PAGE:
So, recent moves to reign in fuel economy standards notwithstanding, the trend is to increase vehicle efficiency regardless of government mandates or the lack thereof. To achieve this, the industry is moving toward electrification, from various types of gas-electric hybrids ultimately to fully electric vehicles, even though hydrogen fuel cells and other technologies might eventually be competitors.

The current approach uses the 12-V system to power devices such as lighting, infotainment, and other less power-hungry systems, while the separate 48-V system powers start-stop motors, turbochargers, power steering, brakes, air conditioning, and other systems. Together, they will ultimately power all, or nearly all, systems in the vehicle, whether it uses just an internal combustion engine or combine that with an electric motor or motors.

Like its predecessor, this initiative will require huge changes within the industry, but its benefits are potentially large. The roadmap for the future makes a higher-voltage system not just desirable, but a necessity. Several examples help to illustrate these benefits.

Start-Stop and Turbocharger

As time progresses, the start-stop system, formerly called idle shut-off, is being used on more vehicles for its ability to incrementally improve fuel economy. Although it’s a bit unnerving at first, the best systems are almost transparent and will become increasingly so in the future.

To provide this capability, the 12-V starter motor is replaced by a much larger 48-V type called a motor generator unit that uses a 48-V lithium-ion battery and a dc-dc converter. This scenario is (oddly) called a “mild-hybrid” powertrain (Fig. 2), and its champions claim that it can produce two-thirds of the benefit of a full hybrid at one-third of the cost while increasing efficiency by up to 20%.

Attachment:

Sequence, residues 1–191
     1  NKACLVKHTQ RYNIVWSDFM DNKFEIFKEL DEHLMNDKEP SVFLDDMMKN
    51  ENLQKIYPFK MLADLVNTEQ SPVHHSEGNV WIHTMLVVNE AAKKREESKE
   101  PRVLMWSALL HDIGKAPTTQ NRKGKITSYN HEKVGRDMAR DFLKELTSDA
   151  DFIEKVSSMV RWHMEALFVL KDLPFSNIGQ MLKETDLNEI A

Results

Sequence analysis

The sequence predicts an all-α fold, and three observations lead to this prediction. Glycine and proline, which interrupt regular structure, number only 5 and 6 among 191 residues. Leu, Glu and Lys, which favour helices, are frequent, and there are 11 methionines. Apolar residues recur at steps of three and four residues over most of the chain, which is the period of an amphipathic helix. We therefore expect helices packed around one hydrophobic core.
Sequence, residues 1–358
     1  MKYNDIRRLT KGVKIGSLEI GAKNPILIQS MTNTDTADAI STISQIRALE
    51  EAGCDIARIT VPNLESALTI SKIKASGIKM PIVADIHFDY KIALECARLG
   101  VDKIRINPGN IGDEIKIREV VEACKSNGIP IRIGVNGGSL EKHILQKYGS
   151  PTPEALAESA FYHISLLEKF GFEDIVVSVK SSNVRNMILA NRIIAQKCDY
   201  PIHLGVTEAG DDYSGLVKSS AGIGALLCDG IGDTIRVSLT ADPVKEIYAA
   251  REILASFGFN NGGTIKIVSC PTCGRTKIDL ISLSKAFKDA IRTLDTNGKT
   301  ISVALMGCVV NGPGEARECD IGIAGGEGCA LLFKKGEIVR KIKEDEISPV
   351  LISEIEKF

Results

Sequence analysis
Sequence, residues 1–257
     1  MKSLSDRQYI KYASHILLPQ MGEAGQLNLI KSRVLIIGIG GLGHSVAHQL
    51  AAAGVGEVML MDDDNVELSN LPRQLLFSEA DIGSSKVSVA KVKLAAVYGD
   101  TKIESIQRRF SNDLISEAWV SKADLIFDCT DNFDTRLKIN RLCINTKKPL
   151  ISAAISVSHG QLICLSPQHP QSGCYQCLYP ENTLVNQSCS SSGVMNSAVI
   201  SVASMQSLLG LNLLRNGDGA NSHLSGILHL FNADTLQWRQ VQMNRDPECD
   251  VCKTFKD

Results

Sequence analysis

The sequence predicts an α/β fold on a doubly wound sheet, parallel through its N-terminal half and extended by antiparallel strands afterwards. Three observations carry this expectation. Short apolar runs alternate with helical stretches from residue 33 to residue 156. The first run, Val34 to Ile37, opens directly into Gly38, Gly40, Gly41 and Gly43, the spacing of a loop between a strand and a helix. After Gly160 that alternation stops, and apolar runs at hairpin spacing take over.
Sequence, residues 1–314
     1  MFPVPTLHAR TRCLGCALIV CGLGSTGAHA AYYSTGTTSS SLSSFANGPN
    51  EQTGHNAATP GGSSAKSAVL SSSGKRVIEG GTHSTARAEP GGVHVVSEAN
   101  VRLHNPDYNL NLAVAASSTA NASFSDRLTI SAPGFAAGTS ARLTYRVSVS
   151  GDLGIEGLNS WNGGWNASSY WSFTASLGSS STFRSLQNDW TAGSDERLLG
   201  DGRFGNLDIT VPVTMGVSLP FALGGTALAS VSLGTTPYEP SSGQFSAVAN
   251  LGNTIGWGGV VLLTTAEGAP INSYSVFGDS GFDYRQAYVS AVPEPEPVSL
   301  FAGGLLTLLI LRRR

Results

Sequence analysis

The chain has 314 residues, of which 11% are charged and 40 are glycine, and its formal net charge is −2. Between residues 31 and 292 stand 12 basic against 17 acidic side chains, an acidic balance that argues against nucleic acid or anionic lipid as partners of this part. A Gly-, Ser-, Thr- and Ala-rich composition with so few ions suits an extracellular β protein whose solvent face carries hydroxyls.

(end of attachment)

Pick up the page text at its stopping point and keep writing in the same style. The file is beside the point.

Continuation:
Figure 2: Illustrated is the mild hybrid concept with various components identified. (Source: Aptiv)

Electrifying a turbocharger also has significant benefits. For example, turbochargers suffer from turbo lag. Exhaust gases that power the impeller (i.e., the turbine blades) need to increase its speed from a fixed position to between 100,000 and 200,000 RPM as fast as possible, otherwise you have turbo lag.

If the turbocharger was powered by a 48-V system, it could spin up the impeller so fast as to make turbo lag virtually imperceptible. Some automakers are combining this approach with a turbocharger, which is typically driven by a belt powered by the engine. However, in this case, power is supplied by an electric motor. The result is greater power, reduced load on the engine, and better fuel economy.

These are just two examples of how, when electricity replaces the engine as the source of power for an engine component, to achieve significant increases in vehicle efficiency. Major automakers and suppliers such as Aptiv (formerly Delphi) have created their own proprietary solutions that produce even greater benefits to meet future stringent fuel-economy standards while improving vehicle performance. However, nearly all of them require a higher-voltage system to function, so there’s little doubt that 48-V electrical systems are here to stay.

For more information on high-voltage components involved in automotive system design, check out Coilcraft’s application notes.

Start typing and press Enter to search